Michigans Honey Bee Programs
Michigan Commission of AgricultureMarch 17, 2010
Michael G. HansenState Apiarist
Pesticide and Plant Pest Management
Michigan Bees Michigan Bees go brood-less in September, restart brood rearing in
February. Over-wintering bees need to be healthy. Severe Cold, lack of food, parasite and diseases attribute to winter
losses in the north. Perhaps 30-35,000 colonies are over-wintered in state
Michigan Bees move south for the winter.
Michigans bees return in April:
Florida: 48,000 colonies* (2009)
California: 10-20,000 colonies Some of them go first to Florida and Georgia before returning.
Georgia: 10-15,000 colonies. 15-20,000 packages of bees.
Mississippi: 5000 colonies.
J Pettis, USDA-ARS
California Almond Pollination, February
F Eischen USDA
Colony ready for pollination. 8 frames of brood or more.
Pollination Resources: Beekeepers? 1200-1500 No ones counting.
Honeybee colonies? 100-150,000 during the summer.
50-100 commercial, 500-5000 colonies each.
250-300 sideline or semi commercial beekeepers. 50-500 colonies
Hobbyists: Estimated at over 1000, 1-50 colonies each.
In recent years Michigan bees have pollinated almonds in California, Blueberries in Maine, and returned to Michigan for a honey crop.
Michigan Beekeeping Websites: www.michiganbees.org
Michigan Beekeepers Assn.Links to Michigan Bee Clubs and National Organizations.
www.sembabees.orgSoutheastern Michigan Beekeepers
www.cyberbee.msu.eduDr. Zachary Huang, Dept. of Entomology
Parasitic Mites Varroa Mite
External parasite Reproduces in the cell Deforms/Kills young bees
as they develop Moves from colony to
colony on drifting bees Virus transmission
VSH Honeybee Tracheal Mite
Internal parasite Entire life cycle in trachea
Microsporidians. Nosema disease:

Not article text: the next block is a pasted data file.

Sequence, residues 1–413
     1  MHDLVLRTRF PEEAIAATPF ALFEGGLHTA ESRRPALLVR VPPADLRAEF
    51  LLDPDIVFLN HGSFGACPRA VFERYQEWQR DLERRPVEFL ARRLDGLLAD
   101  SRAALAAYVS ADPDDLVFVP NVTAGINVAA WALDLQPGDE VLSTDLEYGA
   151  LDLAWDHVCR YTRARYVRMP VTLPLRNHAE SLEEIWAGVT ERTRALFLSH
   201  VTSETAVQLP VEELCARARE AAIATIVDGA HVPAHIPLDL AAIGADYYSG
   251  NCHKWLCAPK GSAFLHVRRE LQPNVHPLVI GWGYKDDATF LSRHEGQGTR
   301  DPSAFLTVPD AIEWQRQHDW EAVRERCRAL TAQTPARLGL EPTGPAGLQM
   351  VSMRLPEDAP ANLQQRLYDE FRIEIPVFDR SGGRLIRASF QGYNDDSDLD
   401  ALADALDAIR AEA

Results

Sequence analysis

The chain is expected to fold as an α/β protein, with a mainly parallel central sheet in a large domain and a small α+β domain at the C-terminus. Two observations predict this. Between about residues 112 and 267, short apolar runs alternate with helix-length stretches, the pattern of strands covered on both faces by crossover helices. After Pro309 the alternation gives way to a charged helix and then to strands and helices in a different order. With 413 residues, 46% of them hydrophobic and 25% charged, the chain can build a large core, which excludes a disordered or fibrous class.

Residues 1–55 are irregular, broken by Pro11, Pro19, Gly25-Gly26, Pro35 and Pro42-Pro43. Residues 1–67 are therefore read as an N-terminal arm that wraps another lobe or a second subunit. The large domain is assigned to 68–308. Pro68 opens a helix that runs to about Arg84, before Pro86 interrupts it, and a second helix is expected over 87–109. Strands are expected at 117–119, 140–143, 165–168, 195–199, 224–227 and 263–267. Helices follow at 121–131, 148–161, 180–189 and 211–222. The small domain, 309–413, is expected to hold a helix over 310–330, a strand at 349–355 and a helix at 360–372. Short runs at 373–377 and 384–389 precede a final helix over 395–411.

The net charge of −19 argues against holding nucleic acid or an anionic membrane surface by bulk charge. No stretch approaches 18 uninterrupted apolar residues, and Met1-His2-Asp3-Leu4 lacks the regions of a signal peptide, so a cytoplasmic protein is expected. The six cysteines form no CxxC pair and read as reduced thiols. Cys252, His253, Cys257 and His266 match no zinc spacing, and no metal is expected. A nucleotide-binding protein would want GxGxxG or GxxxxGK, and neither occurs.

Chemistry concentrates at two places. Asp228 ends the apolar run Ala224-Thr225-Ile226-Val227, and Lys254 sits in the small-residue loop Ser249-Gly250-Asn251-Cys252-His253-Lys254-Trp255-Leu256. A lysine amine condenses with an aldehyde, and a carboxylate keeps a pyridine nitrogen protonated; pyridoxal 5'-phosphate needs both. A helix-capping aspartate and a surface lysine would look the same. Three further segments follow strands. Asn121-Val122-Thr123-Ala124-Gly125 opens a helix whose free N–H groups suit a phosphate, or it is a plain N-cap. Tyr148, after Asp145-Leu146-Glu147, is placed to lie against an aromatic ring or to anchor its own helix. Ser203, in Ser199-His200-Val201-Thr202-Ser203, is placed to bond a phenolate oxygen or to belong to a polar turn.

Dysentery symptoms Nosema apis, native Nosema ceranae, new
Recently identified in North America
Blamed for CCD type losses in Spain
Now the dominant species in North America
Fumigillin is the only treatment on the market
Colony Collapse DisorderAbsence of dead beesBees appear youngHive is Queen - rightNot enough bees to cover the broodScience looking at Synergistic effects of organisms, bee health, bee diet
US winter losses at 30-35% in recent years, blamed on CCD, on investigation, many of the losses can be explained.
Canadian winter losses at 30-35%, CCD not blamed. Mites most often the culprit.
Multiresidue Pesticide Analysis on US Beehive Pollen Samples 2007-08, Penn State
Screened for 171 different pesticides. Wax, foundation, pollen (trapped), Bee Bread, Royal JellyFound: 73 different pesticides and 9 other metabolites
2007 finds: 8 pyrethroids 4 organophosphates, 4 carbamates, 3 neonicotinids, 2 insect growth regulators, 2 organochlorines, 1 chlorinated cyclodiene
13 fungicides, 6 herbicide At least 14 of these are systemic pesticides
2008: Up to 31 different pesticides per sample, 6+ averageOnly 3 samples lacked detections N=699 samplesNo direct correlation between pesticide residue and CCD!
MDA Activities National Survey: Funded by USDA APHIS 2010
One of 11 states, 25 yards to be sampledTrade implications: Federal Bee ActSurvey for Tropilaelaps, Virus, Microsporidians?
Right to Farm: Care of Farm Animals GAAMPS for Beekeeping
Honeybee Certification for movement
Bumble Bee Certification, Koppert Biological in Romulus
Michael G. Hansen, Regional Supervisor and State ApiaristMichigan Department of AgriculturePesticide and Plant Pest Management717 St. Joseph Dr, #186, St. Joseph, MI 49085Hansenmg@michigan.gov (269) 429-0669